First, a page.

# RC Car Hack (beginner questions)

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#### DirtyLude

##### Well-Known Member
After my first attempt at making a robot drivetrain with 6v non-gear motors failed (it hardly had enough torque to move at all), rather than buying gear motors which are exceedingly expensive, I just went out and bought an RC car from Radio Shack for $30.00 CDN, about$20.00 USD. The Turbo Clamper (same as the Silverlit turbo gripper). It has two drive motors that it uses the change direction, like a tracked car.

I took the thing apart, but had to put it back together again; my son decided it was now his most favorite toy.

I'm going to toss the circuit board, but I had some questions about the design.

The power transistors on the right, all run the motors. Whats the purpose of running so many smaller transistors rather than one larger one for each motor. Cost? Or is there a benefit to this?

The front headlights actually use generated current from the motor. I'm assuming they run on battery power when the car is on, and the motors generate electricity for them when turned and the power is off?

I first tried driving my 6v motors with a TC4424 chip, but they heated up way too much with just 3 seconds of running. I switched to just using simple TIP120's to run it, and these seemed to work, but I only get forward direction. I didn't think about this much, yet, but is there a way to use the TC4424 with the TIP120 to run bigger motors, or should I just go for a more capable h-bridge controller?

#### tansis

##### New Member
Seek out the website of "Pericom Technolgy Inc" they make R/C model chips.
APPLICATON NOTE PT8A996S/201S DEMO BOARD is worth a look and has good application schematic showing the cofiguration of the four transistors required to build a Bridge Driver circuit for motor bi-directional motor control.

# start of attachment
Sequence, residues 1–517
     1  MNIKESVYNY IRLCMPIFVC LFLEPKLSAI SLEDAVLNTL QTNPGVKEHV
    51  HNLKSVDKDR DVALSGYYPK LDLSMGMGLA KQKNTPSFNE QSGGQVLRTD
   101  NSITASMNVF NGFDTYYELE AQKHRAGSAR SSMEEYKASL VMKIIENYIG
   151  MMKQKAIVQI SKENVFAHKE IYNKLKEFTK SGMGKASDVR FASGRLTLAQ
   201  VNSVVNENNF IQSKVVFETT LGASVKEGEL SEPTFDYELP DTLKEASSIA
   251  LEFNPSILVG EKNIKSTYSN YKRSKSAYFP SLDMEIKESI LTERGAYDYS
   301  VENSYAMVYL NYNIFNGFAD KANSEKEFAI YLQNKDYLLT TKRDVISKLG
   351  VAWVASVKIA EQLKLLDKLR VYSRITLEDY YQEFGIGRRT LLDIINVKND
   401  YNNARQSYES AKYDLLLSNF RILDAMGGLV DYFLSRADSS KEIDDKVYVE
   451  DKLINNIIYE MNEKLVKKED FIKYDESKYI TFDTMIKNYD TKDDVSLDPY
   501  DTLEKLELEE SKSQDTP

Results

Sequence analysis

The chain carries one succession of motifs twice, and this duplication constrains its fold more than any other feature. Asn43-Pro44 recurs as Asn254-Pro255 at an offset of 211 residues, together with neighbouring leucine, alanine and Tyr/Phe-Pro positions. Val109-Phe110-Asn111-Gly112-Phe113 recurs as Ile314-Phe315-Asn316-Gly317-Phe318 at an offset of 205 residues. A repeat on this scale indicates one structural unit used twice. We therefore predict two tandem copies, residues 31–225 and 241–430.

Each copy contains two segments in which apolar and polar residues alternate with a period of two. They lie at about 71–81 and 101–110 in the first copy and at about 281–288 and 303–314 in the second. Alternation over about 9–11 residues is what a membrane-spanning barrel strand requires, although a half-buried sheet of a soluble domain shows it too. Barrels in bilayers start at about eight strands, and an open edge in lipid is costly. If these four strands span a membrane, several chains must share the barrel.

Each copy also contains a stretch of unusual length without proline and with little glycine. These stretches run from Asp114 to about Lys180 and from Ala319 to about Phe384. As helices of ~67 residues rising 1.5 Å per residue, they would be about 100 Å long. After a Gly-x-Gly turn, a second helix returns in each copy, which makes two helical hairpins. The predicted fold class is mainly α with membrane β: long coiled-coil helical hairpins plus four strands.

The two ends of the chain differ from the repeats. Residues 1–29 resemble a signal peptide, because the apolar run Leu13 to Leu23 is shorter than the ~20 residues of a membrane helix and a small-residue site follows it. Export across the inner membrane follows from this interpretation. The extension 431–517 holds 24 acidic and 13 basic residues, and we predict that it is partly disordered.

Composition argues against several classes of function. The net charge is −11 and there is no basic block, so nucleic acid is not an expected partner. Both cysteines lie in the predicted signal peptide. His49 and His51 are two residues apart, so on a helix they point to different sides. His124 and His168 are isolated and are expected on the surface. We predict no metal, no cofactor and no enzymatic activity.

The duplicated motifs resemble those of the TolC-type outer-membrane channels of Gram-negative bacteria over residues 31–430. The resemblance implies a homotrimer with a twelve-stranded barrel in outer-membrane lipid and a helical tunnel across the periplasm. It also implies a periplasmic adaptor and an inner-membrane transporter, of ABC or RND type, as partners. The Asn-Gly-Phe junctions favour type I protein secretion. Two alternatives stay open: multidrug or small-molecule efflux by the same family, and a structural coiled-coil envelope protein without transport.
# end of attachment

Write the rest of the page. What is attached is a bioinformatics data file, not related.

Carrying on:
#### nettron1000

##### New Member
The power transistors on the right, all run the motors. Whats the purpose of running so many smaller transistors rather than one larger one for each motor. Cost? Or is there a benefit to this?

Whoa! thats alot of of transistors and alot of used board realestate.

Ive heard of using paralleled TO-92 transistors to increase the transistor H-bridge power handling capability but thats the first ive seen. Yes the bottom line is cost. Another advantage i can see is redundancy. If one transistor burns out the circuit can still function, assuming of cource that the remaining transistors can handle the extra load.

But the advantages of a power H-bridge IC,tho a bit more expensive, out-weigh these advantages

The front headlights actually use generated current from the motor. I'm assuming they run on battery power when the car is on, and the motors generate electricity for them when turned and the power is off?

Lost me there.

I first tried driving my 6v motors with a TC4424 chip, but they heated up way too much with just 3 seconds of running. I switched to just using simple TIP120's to run it, and these seemed to work, but I only get forward direction. I didn't think about this much, yet, but is there a way to use the TC4424 with the TIP120 to run bigger motors, or should I just go for a more capable h-bridge controller?

According to the specs if the resistance of the load is less than 50 ohms you cannot use the TC4424 series, but you can use it to drive MOSFET power transistors which can then drive the higher loads.

Heres a link that explains it pretty well:

https://www.robotroom.com/HBridge.html

An even better alternative is to use an L298 or LMD18200 Power H-bridge driver IC's, which are the ones i use most often. I got them free as samples from National Semi awhile ago, but i think they charge a minimum of \$8 on all sample orders now, new policy...phewy !

#### DirtyLude

##### Well-Known Member
Thanks for the replies.

After doing more research on H-Bridges I finally have a better idea of what I would need to do to drive seperate MOSFETs. I think I'm just ordering some lmd18200's to make it easy on myself right now.

#### bmcculla

##### New Member
Hi

Actually with Bipolar transistors having one transistor drive the gate of the next (called a Darlington) allows the second transistor to output more current. This is because the output current is proportional the the current flowing into the gate. The first transistor amplifies the small current at its gate causing a bigger current into the second gate giving an even larger current at that output.

Brent

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